RMIUG Meeting Minutes - Cable Television
and the Internet
The fifteenth meeting of the Rocky Mountain Internet Users Group (RMIUG) was
April 11th, 1995. It featured Jim Ginsburg
(from Jones Interactive) who presented "Cable
Television and the Internet." Dan Murray
(email@example.com) MC'd the meeting
and there were ~75 people in attendance.
Minuteman was Alek Komarnitsky (firstname.lastname@example.org).
Pls note that our next meeting will be
held at the NIST auditorium (instead of
NCAR) - pls see details below.
Some misc. administrativia/announcements:
- Dan Murray talked about RMIUG's move
to NIST - Why the move? Several meetings
have overflowed the NCAR conference room,
and we have therefore shut off all meeting
publicity (outside of the Email list)
to limit attendance. We feel strongly
that RMIUG should be open to anyone, and
the May meeting will be of particular
interest to new users of the Internet.
We therefore needed a larger room ...
and so we thought we would give NIST a
Some misc. issues associated with
- Capacity is 510 people (plenty ...
but maybe too much - we'll see)
- NIST charges us $125 for the room.
Indra's Net (email@example.com)
has graciousely offered to sponsor
the May meeting ... but we may have
to pass the hat in the future - more
info next month.
- BUT ... we want to keep RMIUG free
and open to all!!!
- SO ... if you know anyone interested
in sponsoring a meeting, pls have
them contact us at firstname.lastname@example.org
- Still plan to have refreshments
(thanx InternetOne) ... but NIST is
concerned about this ... so let's
be neat! ;-)
- We are not able to reserve the room
a year in advance like we are at NCAR
... so we may not get the 2nd Tuesday
of every month - we shall see.
RMIUG (especially Alek! ;-) really
likes the NCAR room ... and the support
we have gotten from the NCAR people
has been great. But we've just been
too big for that room at times. So we're
going to try NIST in May (with an eye
toward that as a permanent meeting place)
and see how it goes.
BTW, it should be noted that RMIUG
is a true non-profit; we have *NO* $$$
- Will Clurman (email@example.com, 303-440-0402)
modeled (!) the RMIUG T-shirts and passed
these out to people who had ordered one.
RMIUG would like to thank Kaleigh Santos
who really ran with the ball for us on
this issue - thanx "K".
- Bill Trowbridge (firstname.lastname@example.org,
303-750-8495) mentioned he has a Home
Page that lists all Colorado Computer
User Groups and other Professional Groups.
Check it out at http://www.rmii.com/~billt
- Neal McBurnett (Neal.McBurnett@att.com,
303-538-4852) mentioned that the KGNU-FM
Public Radio Station now has an Internet
precense where you can safely donate money
with your credit card. The KGNU Donation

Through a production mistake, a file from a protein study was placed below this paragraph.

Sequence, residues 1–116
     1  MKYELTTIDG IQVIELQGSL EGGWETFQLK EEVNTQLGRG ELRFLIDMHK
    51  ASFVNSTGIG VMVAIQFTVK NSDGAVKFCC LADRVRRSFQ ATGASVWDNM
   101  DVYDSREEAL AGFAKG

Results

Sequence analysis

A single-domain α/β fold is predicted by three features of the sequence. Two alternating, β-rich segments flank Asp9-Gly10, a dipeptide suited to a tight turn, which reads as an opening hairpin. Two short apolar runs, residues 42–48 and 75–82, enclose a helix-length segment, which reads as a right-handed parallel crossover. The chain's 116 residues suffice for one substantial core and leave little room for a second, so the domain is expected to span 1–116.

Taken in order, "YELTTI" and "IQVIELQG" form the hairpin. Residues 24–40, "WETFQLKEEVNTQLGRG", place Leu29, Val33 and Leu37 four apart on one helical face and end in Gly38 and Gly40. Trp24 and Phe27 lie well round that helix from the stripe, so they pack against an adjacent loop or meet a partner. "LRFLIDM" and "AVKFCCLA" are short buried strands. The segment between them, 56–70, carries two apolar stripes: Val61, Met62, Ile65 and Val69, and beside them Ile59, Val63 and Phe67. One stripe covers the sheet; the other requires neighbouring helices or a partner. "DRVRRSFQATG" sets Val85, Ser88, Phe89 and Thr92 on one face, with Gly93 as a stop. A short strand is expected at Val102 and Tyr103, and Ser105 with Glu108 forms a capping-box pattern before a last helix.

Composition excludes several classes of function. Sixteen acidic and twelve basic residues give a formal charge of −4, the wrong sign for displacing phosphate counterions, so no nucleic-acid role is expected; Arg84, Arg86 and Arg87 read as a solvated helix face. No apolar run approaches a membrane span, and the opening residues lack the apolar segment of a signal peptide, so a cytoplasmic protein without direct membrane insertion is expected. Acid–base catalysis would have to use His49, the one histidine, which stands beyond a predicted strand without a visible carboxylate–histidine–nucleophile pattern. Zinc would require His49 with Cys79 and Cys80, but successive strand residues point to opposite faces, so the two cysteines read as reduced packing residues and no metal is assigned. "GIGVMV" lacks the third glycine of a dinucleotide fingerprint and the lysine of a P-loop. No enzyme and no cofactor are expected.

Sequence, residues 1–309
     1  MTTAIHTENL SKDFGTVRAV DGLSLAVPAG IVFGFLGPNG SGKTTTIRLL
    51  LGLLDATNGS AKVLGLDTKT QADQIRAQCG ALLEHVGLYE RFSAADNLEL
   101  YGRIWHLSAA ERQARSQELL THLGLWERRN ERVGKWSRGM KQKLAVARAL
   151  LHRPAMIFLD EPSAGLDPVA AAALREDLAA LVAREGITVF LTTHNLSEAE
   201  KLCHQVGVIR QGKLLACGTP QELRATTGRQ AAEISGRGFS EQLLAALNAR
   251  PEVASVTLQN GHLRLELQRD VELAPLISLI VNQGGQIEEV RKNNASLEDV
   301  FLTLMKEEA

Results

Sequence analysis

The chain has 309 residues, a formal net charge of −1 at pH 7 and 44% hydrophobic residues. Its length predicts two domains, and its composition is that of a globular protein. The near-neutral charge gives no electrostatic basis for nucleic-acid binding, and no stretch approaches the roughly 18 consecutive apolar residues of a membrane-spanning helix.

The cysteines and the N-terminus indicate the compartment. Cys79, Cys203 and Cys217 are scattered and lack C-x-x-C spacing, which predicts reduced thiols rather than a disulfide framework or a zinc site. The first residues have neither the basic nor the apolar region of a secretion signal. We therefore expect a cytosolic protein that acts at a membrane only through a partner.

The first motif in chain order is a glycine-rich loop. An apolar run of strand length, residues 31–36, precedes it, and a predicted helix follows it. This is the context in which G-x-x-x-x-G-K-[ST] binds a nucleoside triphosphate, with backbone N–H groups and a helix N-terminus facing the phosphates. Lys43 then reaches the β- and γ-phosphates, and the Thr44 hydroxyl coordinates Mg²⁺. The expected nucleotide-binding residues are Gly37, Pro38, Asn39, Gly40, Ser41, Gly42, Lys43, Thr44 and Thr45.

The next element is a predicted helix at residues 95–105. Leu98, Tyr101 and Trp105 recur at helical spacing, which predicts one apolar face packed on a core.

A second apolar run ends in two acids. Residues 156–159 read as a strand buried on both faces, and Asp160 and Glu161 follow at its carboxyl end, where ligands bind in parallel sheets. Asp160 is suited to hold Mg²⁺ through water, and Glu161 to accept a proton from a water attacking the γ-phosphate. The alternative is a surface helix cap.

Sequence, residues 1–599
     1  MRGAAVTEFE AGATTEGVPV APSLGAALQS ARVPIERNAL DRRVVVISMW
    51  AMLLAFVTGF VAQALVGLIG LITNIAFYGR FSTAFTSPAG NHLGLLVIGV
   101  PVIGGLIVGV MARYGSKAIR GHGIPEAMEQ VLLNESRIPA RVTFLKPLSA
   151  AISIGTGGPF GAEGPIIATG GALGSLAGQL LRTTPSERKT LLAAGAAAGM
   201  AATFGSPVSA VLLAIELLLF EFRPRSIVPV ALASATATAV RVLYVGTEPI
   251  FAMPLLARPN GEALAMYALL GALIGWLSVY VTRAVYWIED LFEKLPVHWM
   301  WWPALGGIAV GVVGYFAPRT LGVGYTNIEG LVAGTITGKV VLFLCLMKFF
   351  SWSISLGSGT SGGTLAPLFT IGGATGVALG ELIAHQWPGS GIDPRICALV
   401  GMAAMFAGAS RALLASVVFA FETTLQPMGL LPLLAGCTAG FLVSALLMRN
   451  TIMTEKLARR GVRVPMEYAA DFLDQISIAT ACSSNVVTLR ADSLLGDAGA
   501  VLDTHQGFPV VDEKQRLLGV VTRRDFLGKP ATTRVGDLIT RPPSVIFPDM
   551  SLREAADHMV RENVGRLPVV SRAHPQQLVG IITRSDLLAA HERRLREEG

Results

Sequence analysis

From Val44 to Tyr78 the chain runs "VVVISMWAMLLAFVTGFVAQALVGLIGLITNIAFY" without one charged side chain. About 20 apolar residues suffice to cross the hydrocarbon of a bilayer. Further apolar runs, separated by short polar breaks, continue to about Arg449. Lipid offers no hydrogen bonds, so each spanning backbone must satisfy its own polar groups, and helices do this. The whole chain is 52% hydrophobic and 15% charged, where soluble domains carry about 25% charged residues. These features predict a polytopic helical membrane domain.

Page is at: http://bcn.boulder.co.us/cgi-bin/member-kgnu
- One user reported that his Fortune 500
company had recently suspended an employee
for excessive use of the Internet during
Business Hours. This sparked a short discussion
- another person commented how Littleton
School are grappling with how to restrict
access to students after they give them
Our speaker was Jim Ginsburg (email@example.com)
from Jones Interactive and he gave an excellent,
informative, frank, and humourous talk about
how Cable Television and the Internet will
get along. RMIUG would also like to thank
John Rossie who was able to assist us in
lining up this speaker.
Jim Ginsburg joined the Company in April
1981 as MIS Director for Jones Intercable,
Inc. In 1983, he was named President of
Jones Information Management, Inc. (JIMI).
Mr. Ginsburg was named Chief Information
Officer in May 1989 for the holding company
Jones International, Ltd. and Jones Intercable,
Inc. In 1992, Mr. Ginsburg joined the newly
formed Jones Interactive, Inc. as Senior
Information Officer. Mr. Ginsburg is responsible
for advanced technologies' development within
the Jones' family of companies, including
educational systems, telecommunications
and extended cable television services.
Jim started his talk with the simple example
of the business card ... and how it wasn't
that many years ago when FAX Numbers were
a novelty. Now, everybody has them. He then
talked about how Email addresses were something
new ... but they're becoming pretty common.
The newest "high-tech" addition is a URL
listing your Corporate Home Page.
He went on to describe the MTV generation
that has high expectations; but this will
require in upgraded infrastructre. For example,
the "typical" text based Email is 22 Kbytes,
a Book is about ~240K, a pciture is ~300K,
an audio clip ~475K, and a *second* of video
Jim had an excellent slide show that generated
several lively discussions that ranged across
Physical Architecture. Cable is
migrating from existing Co-axial cable to
fiber. In addition, various "router-like"
capabilities are being put in place, so
signals can be "narrowcasted" (down to groups
as small as 200 households) rather than
broadcasted across the entire cable system.
A big issue for Cable is the "Back-channel"
- i.e. how do you get a signal from the
house back to the Cable Company. Currently,
other channels (i.e. modem over phone) are
used, since typically this doesn't require
a lot of bandwidth. But efforts are underway
to make sure the equipment (Cable, Repeaters,
etc.) are "reverse-ready"
Interestingly enough, the spectrum on
the cable from 60 MHz on down is allready
reserved for back-channel traffic; this
is adaquate for 10 seperate channels of